On Reservations throughout Indian Country, there are thousands of families and elders who do not have clean running water. No water to drink. No water to wash, cook or bathe with. Obtaining water means driving miles to fill up containers, buckets, barrels and water tanks that will last them a week or two if they ration the precious liquid carefully.
For three years, through our Mni Wiconi (Water is Life) program, we have been connecting households without access to running water to the main service line which runs through the Pine Ridge Reservation.
In December 2016, in response to the great need and demand for a similar program on the Navajo Nation in Arizona we initiated our Diné Naabeehó Tó (the Navajo People’s) Water Challenge, providing water to families and elders who had no choice but to drive long distances for just a few days’ worth of water.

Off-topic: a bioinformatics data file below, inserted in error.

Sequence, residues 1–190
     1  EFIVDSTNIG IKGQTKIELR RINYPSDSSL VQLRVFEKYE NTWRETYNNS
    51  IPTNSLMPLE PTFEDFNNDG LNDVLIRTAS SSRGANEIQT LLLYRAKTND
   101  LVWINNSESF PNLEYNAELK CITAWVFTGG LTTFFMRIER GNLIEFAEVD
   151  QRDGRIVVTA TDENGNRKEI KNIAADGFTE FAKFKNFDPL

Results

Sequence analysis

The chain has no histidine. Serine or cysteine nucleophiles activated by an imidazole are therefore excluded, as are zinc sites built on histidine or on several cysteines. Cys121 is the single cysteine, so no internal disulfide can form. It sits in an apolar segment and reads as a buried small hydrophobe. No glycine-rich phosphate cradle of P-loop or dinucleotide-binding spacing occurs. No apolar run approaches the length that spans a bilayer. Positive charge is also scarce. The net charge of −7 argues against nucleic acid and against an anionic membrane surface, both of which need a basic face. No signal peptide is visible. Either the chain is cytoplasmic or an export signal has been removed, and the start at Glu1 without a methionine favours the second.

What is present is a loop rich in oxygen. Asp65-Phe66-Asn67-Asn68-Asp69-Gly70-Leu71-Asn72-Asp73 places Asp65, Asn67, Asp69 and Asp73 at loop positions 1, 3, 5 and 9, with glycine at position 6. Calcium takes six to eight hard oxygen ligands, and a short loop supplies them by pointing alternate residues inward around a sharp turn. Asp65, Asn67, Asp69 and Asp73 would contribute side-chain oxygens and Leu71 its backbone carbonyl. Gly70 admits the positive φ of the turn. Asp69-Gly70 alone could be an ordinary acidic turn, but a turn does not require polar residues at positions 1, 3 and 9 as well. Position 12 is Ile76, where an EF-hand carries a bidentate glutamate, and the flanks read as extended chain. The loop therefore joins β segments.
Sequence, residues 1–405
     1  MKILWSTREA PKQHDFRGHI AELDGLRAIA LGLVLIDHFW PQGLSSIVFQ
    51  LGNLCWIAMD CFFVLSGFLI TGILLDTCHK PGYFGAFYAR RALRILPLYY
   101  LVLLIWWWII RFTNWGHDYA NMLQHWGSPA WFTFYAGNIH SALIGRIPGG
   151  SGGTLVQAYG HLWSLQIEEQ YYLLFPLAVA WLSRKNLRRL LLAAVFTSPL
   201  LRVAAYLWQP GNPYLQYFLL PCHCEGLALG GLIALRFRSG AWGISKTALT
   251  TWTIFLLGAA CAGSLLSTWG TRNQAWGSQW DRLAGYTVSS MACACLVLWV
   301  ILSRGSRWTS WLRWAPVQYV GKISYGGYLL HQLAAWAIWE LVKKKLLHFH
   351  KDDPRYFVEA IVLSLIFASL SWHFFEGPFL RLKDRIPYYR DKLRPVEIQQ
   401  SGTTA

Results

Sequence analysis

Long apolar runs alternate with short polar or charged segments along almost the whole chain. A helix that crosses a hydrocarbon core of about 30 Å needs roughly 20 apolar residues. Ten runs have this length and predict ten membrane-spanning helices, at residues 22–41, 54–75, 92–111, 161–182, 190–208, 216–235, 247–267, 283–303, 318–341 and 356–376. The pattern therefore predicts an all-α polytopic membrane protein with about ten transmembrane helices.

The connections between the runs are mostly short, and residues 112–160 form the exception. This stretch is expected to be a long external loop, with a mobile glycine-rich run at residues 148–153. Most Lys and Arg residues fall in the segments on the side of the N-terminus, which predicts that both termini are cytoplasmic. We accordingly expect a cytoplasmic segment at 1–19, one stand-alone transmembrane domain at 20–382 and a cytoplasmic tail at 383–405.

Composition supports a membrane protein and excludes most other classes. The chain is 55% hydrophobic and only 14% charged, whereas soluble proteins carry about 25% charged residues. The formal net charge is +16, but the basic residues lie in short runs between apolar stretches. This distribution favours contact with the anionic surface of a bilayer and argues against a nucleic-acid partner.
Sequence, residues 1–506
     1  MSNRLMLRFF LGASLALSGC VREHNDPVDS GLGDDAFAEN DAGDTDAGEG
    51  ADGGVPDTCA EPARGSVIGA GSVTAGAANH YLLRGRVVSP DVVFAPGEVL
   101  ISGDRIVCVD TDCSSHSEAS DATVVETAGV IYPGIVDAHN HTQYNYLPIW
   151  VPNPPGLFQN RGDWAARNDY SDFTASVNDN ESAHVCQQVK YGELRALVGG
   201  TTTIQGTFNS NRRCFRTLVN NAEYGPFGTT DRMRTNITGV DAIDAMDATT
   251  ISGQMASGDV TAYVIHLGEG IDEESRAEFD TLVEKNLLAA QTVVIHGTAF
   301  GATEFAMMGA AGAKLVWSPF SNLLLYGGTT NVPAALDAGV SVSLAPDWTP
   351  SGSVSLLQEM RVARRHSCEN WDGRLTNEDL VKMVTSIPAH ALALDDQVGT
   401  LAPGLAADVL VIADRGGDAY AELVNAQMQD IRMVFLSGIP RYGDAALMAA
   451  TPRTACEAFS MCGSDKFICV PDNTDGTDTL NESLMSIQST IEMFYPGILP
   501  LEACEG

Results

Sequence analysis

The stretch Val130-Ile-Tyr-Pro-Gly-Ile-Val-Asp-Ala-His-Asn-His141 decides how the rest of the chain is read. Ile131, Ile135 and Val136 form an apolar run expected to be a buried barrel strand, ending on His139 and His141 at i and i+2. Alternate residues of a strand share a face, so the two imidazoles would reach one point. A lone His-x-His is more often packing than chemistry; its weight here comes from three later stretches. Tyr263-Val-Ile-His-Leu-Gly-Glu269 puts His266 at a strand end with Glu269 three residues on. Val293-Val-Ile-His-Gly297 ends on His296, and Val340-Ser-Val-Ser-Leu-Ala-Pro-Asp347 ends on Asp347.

Since we began our first project on the reservation just over two years ago, we have completed 23 water connection hook-ups with six more pending.
Among those who have been helped is hydrant recipient Victoria who told us, “I have 2 grandkids” (a nine and a five year-old). She noted that the household appreciates “what you all doing for us. Now I don’t have to haul water, especially this kind of weather, muddy.” Most importantly, she no longer has to travel up the Chuska mountain in Tsaile, Arizona to get it.
The cost to simply run a water line and install an outside hydrant is roughly $5,000 per household. This is not an exorbitant amount, but it’s well out of reach for the hundreds of Navajo families and elders struggling simply to pay their monthly bills and put food on the table.
“We are so proud of the water,” said Victoria, stating that their facial expressions showed how excited they were. She added, “My grandkids are jumping up and down.”